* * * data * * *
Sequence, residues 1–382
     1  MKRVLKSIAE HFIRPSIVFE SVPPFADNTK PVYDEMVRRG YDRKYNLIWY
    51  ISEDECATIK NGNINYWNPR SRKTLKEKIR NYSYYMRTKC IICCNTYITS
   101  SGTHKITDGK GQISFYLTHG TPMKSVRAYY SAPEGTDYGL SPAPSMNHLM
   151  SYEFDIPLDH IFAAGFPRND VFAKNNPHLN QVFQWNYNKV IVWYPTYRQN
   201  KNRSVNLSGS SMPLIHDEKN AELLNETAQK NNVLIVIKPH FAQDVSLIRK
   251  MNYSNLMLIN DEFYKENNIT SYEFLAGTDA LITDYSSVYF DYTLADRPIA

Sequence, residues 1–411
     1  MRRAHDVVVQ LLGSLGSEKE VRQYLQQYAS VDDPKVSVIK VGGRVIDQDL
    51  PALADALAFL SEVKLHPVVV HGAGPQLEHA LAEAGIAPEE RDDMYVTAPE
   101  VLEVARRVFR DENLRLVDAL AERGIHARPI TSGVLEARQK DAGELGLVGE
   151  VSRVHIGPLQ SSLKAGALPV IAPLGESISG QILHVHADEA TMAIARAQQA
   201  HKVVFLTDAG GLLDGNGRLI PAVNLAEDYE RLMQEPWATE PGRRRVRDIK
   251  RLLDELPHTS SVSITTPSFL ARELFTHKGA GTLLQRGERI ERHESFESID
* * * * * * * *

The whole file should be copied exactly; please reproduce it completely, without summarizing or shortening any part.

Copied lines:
Sequence, residues 1–382
     1  MKRVLKSIAE HFIRPSIVFE SVPPFADNTK PVYDEMVRRG YDRKYNLIWY
    51  ISEDECATIK NGNINYWNPR SRKTLKEKIR NYSYYMRTKC IICCNTYITS
   101  SGTHKITDGK GQISFYLTHG TPMKSVRAYY SAPEGTDYGL SPAPSMNHLM
   151  SYEFDIPLDH IFAAGFPRND VFAKNNPHLN QVFQWNYNKV IVWYPTYRQN
   201  KNRSVNLSGS SMPLIHDEKN AELLNETAQK NNVLIVIKPH FAQDVSLIRK
   251  MNYSNLMLIN DEFYKENNIT SYEFLAGTDA LITDYSSVYF DYTLADRPIA

Sequence, residues 1–411
     1  MRRAHDVVVQ LLGSLGSEKE VRQYLQQYAS VDDPKVSVIK VGGRVIDQDL
    51  PALADALAFL SEVKLHPVVV HGAGPQLEHA LAEAGIAPEE RDDMYVTAPE
   101  VLEVARRVFR DENLRLVDAL AERGIHARPI TSGVLEARQK DAGELGLVGE
   151  VSRVHIGPLQ SSLKAGALPV IAPLGESISG QILHVHADEA TMAIARAQQA
   201  HKVVFLTDAG GLLDGNGRLI PAVNLAEDYE RLMQEPWATE PGRRRVRDIK
   251  RLLDELPHTS SVSITTPSFL ARELFTHKGA GTLLQRGERI ERHESFESID